In the conversations around the student debt crisis, we often lump for profit schools in one box, however to say there are equivalent is untrue and avoided addressing the nuances and obvious flaws in this analysis. I went to a for profit massage school, it was a small family owned operation, my degree was affordable and my education allowed me to pass state and nation tests; granted me a massage license that lead to an expected carrier and taught me the skilled I needed to do that work. There where both private and public programs that charged more with varying success rates, however overall I got what I paid for as did most of my peers, many of whom are still working in massage 10 years later, a rarity in that profession. This program was no better or worse based off it’s for profit status, and one could even argue that achieving a non-profit status would increase there costs and therefore students tuition.
Recently a friend contacted me about an associates program that she was hopeful would be a stepping stone to a psychology degree. This “ associates in herbal studies” sounded odd to me, so I proceed to investigate the program both on there website and also by speaking with there admissions. I was appalled by the cost, career potential and transferability of this program and the long term effects of my friend dedicates 2 years and thousands of dollars to it.
$17856-19656 is there estimated tuition cost for the program. Compare that to the $87 a credit for a public associate's degree, costing 3,533 for the required 63 credits , with included fees and even if one requires remedial or repeat credits it would be hard to bring this close to 17,000.
This program said they were primarily focused on job training rather than being a starting point for a bachelors and beyond. There website says that “ entraperniship “ is a focus of this program , which makes sense, this is hardly a degree that makes one more marketable for any job. However any career one chooses to pursue with this degree would require an additional training. One could not prescribe herbs without a naturopathic degree, one could not offer therapy without a masters, without additional massage licensure one can not use the bodywork elements of this education. Essentially one is paying 20,000 to enter an over saturated market of holistic life coaches.
If one wants to use this degree to move forward in a new career, they can’t. The credits do not transfer and the degree is not recognized outside this school. When I called to ask they never stated the credits would transfer, however they implied they may. That a University would look at each class and potentially award transfer credit for equivalent courses, however none of the courses they offer are equivalent to a university course, this is deception by omission, and was enough to fool my friend into believing this was a logical step to a degree she wished to obtain.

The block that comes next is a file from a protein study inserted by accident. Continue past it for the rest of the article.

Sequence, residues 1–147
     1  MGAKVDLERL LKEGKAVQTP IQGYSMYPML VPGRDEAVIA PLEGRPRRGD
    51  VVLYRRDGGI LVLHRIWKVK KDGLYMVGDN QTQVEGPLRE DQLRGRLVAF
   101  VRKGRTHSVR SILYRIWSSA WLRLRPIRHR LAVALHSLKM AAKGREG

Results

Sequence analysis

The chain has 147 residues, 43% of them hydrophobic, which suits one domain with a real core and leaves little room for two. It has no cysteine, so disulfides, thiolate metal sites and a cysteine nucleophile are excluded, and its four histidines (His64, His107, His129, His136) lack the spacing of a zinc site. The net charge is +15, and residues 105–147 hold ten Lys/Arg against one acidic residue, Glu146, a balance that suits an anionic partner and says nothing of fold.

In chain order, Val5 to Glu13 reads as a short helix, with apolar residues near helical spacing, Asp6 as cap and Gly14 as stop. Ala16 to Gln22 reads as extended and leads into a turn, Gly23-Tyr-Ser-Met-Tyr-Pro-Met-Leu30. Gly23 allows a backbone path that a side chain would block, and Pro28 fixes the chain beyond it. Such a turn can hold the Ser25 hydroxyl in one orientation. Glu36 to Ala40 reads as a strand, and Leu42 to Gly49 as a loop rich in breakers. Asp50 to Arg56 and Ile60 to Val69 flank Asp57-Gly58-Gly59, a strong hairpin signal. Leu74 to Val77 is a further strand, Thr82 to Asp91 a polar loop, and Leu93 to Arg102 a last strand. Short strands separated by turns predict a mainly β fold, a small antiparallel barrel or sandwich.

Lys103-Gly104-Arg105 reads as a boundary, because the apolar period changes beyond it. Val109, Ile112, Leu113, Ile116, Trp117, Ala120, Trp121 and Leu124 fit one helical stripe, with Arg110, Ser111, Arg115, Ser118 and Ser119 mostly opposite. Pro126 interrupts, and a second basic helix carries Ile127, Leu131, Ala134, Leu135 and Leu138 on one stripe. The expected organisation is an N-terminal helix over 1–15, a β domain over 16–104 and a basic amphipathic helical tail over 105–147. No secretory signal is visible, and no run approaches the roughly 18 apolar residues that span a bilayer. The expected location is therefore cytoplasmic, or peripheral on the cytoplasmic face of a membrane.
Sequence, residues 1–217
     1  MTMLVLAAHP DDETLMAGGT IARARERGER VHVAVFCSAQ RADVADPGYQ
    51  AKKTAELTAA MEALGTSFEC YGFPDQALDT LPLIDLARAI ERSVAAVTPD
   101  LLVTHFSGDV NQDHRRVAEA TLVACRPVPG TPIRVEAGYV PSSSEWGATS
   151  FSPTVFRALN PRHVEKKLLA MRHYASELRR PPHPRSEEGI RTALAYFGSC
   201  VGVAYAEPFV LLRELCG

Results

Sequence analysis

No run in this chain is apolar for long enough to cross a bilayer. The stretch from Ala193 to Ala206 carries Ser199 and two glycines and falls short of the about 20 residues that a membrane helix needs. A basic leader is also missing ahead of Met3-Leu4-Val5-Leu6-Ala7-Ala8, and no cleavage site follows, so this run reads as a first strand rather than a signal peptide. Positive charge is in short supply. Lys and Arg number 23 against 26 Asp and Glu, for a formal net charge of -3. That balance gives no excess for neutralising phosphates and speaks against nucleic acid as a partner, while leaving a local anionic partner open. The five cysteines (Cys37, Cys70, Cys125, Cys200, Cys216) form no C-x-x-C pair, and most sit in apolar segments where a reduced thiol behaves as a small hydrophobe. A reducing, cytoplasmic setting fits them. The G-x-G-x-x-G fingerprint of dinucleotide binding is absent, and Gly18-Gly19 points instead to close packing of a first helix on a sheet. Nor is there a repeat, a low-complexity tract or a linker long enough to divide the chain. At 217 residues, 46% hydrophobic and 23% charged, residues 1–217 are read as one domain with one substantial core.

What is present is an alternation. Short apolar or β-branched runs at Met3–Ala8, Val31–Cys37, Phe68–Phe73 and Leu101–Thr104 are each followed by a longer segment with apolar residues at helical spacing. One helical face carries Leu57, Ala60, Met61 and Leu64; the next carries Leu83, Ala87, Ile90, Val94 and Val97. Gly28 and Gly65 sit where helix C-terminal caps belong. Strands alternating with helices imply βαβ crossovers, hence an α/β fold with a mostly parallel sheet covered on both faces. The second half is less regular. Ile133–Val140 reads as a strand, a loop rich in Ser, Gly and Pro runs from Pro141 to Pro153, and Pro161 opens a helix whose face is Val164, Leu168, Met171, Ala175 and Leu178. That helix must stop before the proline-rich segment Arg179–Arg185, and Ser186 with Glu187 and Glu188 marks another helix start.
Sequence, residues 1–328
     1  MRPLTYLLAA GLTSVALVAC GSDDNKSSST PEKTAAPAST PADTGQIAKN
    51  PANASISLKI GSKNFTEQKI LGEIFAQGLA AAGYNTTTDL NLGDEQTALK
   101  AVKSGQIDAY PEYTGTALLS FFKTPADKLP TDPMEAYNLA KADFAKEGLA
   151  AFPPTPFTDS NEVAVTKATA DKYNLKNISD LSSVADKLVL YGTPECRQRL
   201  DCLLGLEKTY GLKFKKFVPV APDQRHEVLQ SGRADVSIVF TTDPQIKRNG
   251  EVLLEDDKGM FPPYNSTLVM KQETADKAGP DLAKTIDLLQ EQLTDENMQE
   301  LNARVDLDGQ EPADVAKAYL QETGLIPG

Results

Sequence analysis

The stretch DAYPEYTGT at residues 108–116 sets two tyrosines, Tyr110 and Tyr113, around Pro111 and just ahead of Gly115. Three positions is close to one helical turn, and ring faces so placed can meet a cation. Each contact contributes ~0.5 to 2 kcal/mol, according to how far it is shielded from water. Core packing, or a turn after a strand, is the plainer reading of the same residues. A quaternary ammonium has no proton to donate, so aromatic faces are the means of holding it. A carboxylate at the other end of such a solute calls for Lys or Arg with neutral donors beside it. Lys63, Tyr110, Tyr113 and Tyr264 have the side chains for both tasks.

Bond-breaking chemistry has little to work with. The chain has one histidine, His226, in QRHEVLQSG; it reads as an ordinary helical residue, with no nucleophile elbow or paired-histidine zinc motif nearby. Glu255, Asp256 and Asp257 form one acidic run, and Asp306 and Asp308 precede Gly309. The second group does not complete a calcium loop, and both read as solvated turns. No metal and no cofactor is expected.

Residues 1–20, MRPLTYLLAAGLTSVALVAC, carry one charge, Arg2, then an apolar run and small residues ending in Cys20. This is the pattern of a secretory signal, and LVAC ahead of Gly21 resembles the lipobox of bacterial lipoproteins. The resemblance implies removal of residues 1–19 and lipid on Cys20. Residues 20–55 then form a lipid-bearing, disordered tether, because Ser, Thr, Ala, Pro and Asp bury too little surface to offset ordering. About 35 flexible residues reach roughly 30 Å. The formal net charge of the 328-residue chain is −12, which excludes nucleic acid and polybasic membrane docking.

My concern is not that this program exists it’s that they are able to use Pell grants and accept federal student loans for a program unlikely to lead to a job and with credits that will not be useful outside of this school and this degree. This type of dead end program that leaves it’s participants with high levels of debt is an underdress issue is the ongoing conversation around student debt, while we shame students for choosing a better university or not working themselves to the bone during their undergraduate program we fail to address predatory programs such as these, often praying on the most vulnerable and unlike a bachelors program this type of degree is not one that is shown to increase one's lifetime earning potential,or provide the varied knowable base gained by a bachelors and unlike many job focused programs it fails to lead to a sustainable career.
In evaluating programs for oneself or in deciding what programs should be able to offer federal loans and grants, questions must go beyond the for profit/ non-profit question or even into success and default rates and into a more holistic assessment of the degree along with the opportunities it opens for its graduates.